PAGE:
Interpretation: Children are encouraged to participate in the matching process to the greatest extent possible given their age and developmental level.

    Interpretation: An organization that has responsibility for placing an American Indian or Alaska Native child should work closely with the child’s tribe to identify adoptive homes within the tribal community. Families from all tribes to which the child has ties should be considered as placement options, and eligibility should be consistent with the norms of the tribe.
     

    Interpretation: Some circumstances which can make transition more difficult and have been found to be factors in some disruptions and dissolutions include:
    1. placement of more than one unrelated child into a home at the same time; or
    2. placement of a child too soon after the birth or addition of another child to the family.
    The program might generally avoid matching children with prospective adoptive parents in these circumstances or take additional steps to prepare for and support such  placements.

    Note: Documentation of which prospective adoptive parents were considered and should be included in the case record.


  • AS 8.05

    The program provides information about the prospective adoptive parents who were identified as possible matches to the birth parents, the youth, and/or the individual(s) who are responsible for making the placement decision and documents the provision of this information in its records.

    Interpretation: Children are encouraged to participate in the decision-making process to the greatest extent possible given their age and developmental level.


  • AS 8.06

    The program incorporates provisions of applicable law and regulations for placement preferences and matching into its established criteria for determining or making recommendations about the best interests of the child, makes placement decisions based on this criteria, and documents the decision in its records.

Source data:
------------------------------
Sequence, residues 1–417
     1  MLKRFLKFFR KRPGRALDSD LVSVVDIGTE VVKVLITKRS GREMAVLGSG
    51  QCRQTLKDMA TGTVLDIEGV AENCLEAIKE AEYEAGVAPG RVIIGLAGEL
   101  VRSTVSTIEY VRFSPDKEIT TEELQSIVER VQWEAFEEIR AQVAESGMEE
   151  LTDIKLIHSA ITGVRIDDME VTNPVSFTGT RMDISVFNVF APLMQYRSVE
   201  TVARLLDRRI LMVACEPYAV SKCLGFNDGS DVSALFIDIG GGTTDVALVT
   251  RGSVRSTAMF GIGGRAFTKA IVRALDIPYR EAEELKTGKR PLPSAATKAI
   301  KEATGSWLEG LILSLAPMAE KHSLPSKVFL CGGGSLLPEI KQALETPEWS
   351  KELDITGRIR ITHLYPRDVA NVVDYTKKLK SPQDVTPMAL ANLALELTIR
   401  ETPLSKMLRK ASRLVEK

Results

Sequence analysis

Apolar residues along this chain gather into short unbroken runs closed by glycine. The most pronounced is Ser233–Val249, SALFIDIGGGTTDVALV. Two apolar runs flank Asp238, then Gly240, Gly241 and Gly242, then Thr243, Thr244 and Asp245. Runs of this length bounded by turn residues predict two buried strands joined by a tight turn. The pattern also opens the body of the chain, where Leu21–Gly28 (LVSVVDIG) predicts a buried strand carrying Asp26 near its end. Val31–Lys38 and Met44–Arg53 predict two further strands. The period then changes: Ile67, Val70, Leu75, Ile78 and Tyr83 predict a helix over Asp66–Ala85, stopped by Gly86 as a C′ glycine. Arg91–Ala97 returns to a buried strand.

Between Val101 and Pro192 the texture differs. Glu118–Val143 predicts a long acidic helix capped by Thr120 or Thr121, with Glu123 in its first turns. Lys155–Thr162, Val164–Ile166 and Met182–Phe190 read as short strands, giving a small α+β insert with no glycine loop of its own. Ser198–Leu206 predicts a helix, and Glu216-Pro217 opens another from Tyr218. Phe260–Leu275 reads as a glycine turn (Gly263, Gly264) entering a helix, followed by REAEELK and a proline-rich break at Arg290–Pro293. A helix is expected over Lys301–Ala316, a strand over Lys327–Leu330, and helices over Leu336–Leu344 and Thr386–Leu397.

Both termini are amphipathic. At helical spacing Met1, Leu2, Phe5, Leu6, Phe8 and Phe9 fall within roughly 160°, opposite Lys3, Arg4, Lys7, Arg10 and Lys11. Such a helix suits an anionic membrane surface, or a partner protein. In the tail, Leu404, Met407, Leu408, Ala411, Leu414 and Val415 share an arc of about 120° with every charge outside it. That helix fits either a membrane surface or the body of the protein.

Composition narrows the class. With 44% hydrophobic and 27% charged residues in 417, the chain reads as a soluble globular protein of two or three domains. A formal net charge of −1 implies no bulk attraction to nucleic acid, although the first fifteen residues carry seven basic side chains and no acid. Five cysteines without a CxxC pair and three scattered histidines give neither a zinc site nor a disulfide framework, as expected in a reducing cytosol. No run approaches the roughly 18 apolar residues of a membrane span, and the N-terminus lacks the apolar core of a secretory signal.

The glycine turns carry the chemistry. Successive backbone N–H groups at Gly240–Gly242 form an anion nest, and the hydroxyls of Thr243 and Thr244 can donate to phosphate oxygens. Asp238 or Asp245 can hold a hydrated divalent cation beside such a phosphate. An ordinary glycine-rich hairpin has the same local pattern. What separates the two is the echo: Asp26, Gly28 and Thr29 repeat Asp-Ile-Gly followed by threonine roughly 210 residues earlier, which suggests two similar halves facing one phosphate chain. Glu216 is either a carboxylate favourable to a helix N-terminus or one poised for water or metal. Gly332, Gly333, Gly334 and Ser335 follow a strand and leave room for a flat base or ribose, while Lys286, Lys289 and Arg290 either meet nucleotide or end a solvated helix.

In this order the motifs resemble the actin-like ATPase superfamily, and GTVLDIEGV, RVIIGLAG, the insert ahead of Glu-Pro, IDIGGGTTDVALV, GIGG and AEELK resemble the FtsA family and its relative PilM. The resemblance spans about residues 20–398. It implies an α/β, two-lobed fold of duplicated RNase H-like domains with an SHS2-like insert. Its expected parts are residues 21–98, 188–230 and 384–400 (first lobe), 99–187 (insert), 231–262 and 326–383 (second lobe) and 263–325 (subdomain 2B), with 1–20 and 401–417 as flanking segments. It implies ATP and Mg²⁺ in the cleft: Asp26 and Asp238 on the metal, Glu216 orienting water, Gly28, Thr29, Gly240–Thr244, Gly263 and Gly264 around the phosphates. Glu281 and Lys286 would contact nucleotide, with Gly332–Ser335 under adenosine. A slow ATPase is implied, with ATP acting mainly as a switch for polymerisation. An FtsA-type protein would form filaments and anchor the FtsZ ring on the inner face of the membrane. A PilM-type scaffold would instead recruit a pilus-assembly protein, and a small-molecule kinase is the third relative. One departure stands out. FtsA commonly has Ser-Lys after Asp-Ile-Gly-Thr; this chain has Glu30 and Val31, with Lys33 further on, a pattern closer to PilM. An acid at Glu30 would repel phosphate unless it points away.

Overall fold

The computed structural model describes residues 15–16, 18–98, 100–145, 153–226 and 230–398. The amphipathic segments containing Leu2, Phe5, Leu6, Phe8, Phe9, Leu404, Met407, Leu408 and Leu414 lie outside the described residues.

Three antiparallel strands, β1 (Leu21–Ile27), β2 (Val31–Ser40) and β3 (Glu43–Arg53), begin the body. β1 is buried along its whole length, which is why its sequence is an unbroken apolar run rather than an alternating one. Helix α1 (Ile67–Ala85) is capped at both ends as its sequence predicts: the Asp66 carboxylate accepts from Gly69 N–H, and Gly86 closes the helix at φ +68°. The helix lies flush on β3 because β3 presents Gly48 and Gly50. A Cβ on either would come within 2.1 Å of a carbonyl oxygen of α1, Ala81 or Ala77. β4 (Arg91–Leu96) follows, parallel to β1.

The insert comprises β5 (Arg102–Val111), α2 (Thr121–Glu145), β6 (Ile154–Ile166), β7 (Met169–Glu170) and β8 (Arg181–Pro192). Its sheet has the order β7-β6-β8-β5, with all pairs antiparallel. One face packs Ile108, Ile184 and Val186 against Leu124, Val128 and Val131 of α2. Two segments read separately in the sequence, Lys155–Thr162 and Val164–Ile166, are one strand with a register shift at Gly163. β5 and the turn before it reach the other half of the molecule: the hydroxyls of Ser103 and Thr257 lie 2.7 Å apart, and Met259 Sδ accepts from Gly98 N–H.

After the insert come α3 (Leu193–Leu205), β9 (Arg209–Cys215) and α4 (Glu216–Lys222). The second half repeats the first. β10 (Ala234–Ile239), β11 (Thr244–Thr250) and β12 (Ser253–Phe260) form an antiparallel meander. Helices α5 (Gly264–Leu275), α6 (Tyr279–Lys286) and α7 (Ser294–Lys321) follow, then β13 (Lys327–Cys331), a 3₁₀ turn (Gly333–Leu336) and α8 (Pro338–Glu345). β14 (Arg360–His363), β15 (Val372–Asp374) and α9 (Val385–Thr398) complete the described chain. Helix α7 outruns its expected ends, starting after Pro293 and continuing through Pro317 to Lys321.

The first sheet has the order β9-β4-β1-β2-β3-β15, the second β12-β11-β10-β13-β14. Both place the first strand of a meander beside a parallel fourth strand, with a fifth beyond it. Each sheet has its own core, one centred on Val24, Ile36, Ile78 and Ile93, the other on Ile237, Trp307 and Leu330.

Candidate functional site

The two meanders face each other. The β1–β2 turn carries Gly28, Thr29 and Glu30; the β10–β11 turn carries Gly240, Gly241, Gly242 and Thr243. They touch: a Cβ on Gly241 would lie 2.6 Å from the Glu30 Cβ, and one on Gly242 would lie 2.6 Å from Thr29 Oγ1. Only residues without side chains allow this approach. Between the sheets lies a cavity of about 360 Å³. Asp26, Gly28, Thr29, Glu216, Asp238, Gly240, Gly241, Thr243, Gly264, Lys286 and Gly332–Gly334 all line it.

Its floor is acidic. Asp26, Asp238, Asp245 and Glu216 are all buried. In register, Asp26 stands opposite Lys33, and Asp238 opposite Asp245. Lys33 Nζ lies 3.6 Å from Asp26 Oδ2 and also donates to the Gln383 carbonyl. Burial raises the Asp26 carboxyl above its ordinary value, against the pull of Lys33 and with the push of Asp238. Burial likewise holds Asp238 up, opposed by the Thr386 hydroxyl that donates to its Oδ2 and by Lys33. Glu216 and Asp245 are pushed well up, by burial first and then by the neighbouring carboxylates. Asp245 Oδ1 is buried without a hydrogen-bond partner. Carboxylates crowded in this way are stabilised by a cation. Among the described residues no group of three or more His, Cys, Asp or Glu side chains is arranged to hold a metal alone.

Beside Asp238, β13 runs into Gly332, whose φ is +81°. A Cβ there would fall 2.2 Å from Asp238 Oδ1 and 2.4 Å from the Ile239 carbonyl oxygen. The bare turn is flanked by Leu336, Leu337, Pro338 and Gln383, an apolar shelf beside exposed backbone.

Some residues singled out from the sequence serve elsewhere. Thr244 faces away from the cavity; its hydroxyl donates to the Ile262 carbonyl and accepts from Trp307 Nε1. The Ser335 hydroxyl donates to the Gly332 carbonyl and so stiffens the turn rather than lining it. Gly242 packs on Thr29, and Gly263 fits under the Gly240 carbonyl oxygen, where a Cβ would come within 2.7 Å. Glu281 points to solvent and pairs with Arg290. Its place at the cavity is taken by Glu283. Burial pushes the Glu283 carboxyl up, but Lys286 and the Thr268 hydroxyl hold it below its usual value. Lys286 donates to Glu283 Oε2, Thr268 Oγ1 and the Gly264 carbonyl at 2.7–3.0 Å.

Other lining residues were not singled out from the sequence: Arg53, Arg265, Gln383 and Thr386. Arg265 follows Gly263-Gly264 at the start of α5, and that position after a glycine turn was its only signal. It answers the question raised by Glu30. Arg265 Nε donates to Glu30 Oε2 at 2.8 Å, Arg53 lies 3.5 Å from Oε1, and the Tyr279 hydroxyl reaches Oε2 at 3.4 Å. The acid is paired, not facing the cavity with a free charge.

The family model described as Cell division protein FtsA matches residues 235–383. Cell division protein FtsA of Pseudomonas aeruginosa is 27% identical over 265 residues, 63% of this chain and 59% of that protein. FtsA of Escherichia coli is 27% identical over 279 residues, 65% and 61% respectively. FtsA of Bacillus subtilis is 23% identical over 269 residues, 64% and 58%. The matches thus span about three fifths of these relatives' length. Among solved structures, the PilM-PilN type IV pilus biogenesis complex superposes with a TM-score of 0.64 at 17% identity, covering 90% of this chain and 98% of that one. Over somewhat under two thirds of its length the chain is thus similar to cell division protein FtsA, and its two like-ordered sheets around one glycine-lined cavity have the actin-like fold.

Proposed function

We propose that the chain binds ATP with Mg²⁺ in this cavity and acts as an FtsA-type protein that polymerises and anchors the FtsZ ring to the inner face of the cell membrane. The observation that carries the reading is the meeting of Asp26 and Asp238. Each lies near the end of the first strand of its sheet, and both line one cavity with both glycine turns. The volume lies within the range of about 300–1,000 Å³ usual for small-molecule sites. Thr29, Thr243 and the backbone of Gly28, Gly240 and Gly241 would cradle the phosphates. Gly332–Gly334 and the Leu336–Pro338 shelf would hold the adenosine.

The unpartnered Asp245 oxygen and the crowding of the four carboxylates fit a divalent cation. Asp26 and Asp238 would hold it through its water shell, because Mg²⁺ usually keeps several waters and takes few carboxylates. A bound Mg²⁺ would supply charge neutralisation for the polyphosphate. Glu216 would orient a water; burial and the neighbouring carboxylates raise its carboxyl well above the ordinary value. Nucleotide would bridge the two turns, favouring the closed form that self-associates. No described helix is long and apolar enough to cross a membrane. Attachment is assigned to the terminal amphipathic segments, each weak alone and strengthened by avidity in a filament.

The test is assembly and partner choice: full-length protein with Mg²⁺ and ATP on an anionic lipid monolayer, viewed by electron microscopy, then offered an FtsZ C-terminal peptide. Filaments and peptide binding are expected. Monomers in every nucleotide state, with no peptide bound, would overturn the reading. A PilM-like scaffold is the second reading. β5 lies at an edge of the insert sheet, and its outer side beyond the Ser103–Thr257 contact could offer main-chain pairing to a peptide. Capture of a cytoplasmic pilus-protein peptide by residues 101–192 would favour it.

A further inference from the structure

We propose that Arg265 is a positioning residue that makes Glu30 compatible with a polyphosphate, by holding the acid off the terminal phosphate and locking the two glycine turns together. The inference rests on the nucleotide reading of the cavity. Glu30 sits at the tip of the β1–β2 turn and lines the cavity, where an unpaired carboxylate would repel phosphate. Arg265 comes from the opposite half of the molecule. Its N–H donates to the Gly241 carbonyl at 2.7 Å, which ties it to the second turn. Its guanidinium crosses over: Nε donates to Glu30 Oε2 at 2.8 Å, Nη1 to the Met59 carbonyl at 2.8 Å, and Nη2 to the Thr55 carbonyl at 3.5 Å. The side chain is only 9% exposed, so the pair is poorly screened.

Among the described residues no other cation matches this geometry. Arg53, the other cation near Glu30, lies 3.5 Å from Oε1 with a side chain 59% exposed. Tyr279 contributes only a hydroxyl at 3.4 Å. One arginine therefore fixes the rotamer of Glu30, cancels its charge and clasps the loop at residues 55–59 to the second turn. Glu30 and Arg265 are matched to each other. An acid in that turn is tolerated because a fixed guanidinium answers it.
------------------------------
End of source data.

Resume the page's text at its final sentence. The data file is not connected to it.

Interpretation: In cases where expectant parents have made an adoption plan prior to the child’s birth, the program can make or support a preliminary match before the birth, and makes a final decision or recommendation on the match only after the child is born and the child study is completed and reviewed.  

    Interpretation: Programs must follow guidelines set forth in the Multi-Ethnic Placement Act and the Indian Child Welfare Act and should take into account birth parents expressed desires and the importance of keeping siblings together.  When there is any conflict in these preferences or priorities the organization engages administrative personnel and legal counsel as needed to make its decision and carefully documents its deliberations and a rationale for its decision.

    Interpretation: When the organization is working with American Indian and Alaska Native children and families, tribal representatives and service providers must be involved in placement decisions and placement changes in order to ensure compliance with the Indian Child Welfare Act, which requires that preference be given to families in the following order: 

    1. a member of the child’s extended family;
    2. families who are members of the child’s tribe; and